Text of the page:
A–F
 AA similarity theorem
 Unit 6 Lesson 3
Two triangles are similar if they have two corresponding angles that are congruent.
 absolute value
 Unit 4 Lesson 3
A number’s distance from zero on the number line.
The symbol
means the absolute value of . Recall that distance is always positive.
The diagram shows that
and .  absolute value function
 Unit 4 Lesson 3
A function that contains an algebraic expression within absolute value symbols. The absolute value parent function, written as:
 adjacent
 Unit 6 Lesson 7
 adjacent angles
 Unit 5 Lesson 6
Two nonoverlapping angles with a common vertex and one common side.
and are adjacent angles:  alternate exterior angles
 Unit 5 Lesson 6
A pair of angles formed by a transversal intersecting two lines. The angles lie outside of the two lines and are on opposite sides of the transversal.
See angles made by a transversal.
 alternate interior angles
 Unit 5 Lesson 6
A pair of angles formed by a transversal intersecting two lines. The angles lie between the two lines and are on opposite sides of the transversal.
See also angles made by a transversal.
 altitude
 Unit 5 Lesson 4, Unit 6 Lesson 6, Unit 8 Lesson 6

Altitude of a triangle:
A perpendicular segment from a vertex to the line containing the base.
Altitude of a solid:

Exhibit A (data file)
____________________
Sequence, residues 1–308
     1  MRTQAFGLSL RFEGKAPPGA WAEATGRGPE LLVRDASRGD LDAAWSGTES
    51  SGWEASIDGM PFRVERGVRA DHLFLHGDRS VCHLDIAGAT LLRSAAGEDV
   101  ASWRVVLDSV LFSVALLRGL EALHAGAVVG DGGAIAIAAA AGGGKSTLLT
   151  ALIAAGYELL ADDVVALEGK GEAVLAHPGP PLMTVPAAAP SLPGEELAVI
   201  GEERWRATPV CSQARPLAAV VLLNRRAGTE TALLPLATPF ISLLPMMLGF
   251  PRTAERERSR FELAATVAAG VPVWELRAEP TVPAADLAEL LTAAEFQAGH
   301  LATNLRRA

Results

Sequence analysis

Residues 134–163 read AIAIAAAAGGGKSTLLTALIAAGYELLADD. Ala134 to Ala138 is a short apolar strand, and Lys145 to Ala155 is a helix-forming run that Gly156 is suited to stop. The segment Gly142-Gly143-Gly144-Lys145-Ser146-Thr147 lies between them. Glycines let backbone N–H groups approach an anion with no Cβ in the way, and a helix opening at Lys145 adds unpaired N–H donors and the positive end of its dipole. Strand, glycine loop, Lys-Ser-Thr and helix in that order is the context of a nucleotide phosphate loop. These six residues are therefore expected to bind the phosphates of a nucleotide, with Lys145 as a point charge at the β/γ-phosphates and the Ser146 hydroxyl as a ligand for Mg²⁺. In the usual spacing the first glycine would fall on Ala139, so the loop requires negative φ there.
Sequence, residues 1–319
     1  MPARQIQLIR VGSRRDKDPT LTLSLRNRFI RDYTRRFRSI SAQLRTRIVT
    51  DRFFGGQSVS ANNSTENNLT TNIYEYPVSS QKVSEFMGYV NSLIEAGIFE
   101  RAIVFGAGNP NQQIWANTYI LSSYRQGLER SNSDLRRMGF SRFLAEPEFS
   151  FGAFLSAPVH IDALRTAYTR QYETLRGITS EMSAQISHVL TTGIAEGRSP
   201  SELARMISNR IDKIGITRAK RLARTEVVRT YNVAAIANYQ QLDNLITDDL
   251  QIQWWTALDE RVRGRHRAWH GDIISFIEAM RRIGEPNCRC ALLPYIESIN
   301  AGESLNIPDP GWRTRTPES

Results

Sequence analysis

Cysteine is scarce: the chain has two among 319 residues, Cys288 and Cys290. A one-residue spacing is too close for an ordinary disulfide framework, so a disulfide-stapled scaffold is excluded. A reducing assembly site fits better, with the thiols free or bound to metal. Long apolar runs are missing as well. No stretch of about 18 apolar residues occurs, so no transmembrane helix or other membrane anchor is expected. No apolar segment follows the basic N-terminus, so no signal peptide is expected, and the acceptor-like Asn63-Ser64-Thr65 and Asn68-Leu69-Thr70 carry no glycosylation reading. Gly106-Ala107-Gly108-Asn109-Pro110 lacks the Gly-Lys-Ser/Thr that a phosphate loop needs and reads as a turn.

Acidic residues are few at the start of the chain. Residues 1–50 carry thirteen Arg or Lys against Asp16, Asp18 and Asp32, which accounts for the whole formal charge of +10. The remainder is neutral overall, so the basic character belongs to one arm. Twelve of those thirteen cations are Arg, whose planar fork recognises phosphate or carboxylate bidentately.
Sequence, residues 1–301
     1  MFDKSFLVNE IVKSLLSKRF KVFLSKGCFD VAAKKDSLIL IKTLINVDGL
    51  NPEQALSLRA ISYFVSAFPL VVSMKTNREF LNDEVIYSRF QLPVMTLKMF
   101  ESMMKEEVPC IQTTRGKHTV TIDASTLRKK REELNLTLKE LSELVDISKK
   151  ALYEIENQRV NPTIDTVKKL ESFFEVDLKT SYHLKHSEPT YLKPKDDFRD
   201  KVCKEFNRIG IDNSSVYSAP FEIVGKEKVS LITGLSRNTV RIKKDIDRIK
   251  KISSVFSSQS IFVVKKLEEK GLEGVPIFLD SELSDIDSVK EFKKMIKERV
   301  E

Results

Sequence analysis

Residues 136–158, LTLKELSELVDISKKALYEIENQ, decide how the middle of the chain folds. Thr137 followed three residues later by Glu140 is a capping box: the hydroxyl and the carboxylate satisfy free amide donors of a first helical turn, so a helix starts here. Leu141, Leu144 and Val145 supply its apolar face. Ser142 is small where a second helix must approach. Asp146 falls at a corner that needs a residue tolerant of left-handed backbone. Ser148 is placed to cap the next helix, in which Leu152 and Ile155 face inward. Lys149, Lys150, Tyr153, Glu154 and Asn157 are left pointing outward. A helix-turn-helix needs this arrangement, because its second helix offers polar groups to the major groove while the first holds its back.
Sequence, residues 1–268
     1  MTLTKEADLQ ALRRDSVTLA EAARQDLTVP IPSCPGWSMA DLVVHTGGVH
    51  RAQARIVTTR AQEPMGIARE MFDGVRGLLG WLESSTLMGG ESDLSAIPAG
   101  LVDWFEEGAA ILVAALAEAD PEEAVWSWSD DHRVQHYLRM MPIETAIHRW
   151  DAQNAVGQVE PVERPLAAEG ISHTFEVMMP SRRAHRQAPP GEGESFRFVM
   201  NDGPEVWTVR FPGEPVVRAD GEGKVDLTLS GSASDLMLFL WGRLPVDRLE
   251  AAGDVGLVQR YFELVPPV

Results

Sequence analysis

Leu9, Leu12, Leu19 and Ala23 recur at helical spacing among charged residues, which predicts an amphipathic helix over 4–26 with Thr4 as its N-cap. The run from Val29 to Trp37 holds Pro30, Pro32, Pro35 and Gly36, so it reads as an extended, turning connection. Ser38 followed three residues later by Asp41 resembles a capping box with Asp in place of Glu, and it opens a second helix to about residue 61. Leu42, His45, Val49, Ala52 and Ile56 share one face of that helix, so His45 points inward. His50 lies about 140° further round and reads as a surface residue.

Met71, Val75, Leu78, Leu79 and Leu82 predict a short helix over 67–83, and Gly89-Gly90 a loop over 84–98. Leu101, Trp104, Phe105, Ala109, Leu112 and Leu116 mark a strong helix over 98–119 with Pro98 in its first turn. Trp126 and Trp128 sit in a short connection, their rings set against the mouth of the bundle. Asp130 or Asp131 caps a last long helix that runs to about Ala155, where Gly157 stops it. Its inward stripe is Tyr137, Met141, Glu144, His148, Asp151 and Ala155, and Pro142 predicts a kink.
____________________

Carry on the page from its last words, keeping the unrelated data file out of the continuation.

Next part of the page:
A perpendicular segment from a vertex to the plane containing the base.
 angle
 Unit 2 Lesson 1
Two rays that share a common endpoint called the vertex of the angle.
 angle bisector
 Unit 5 Lesson 4
A ray that has its endpoint at the vertex of the angle and divides the angle into two congruent angles.
 angle of depression/angle of elevation
 Unit 6 Lesson 9

Angle of depression: the angle formed by a horizontal line and the line of sight of a viewer looking down. Sometimes called the angle of decline.
Angle of elevation: the angle formed by a horizontal line and the line of sight of a viewer looking up. Sometimes called the angle of incline.
 angles associated with circles: central angle, inscribed angle, circumscribed angle
 Unit 7 Lesson 1, Unit 7 Lesson 4

Central angle: An angle whose vertex is at the center of a circle and whose sides pass through a pair of points on the circle.
Inscribed angle: An angle formed when two secant lines, or a secant and tangent line, intersect at a point on a circle.
Circumscribed angle: The angle made by two intersecting tangent lines to a circle.
 angles made by a transversal
 Unit 5 Lesson 6
 arc length
 Unit 7 Lesson 5, Unit 8 Lesson 3
The distance along the arc of a circle. Part of the circumference.
Equation for finding arc length:
Where
is the radius and is the central angle in radians.  arc of a circle, intercepted arc
 Unit 7 Lesson 1, Unit 7 Lesson 3

Arc: A portion of a circle.
Intercepted arc: The portion of a circle that lies between two lines, rays, or line segments that intersect the circle.
 asymptote
 Unit 9 Lesson 8E

A line that a graph approaches, but does not reach. A graph will never touch a vertical asymptote, but it might cross a horizontal or an oblique (also called slant) asymptote.
Horizontal and oblique asymptotes indicate the general behavior of the ends of a graph in both positive and negative directions. If a rational function has a horizontal asymptote, it will not have an oblique asymptote.
Oblique asymptotes only occur when the numerator of
has a degree that is one higher than the degree of the denominator.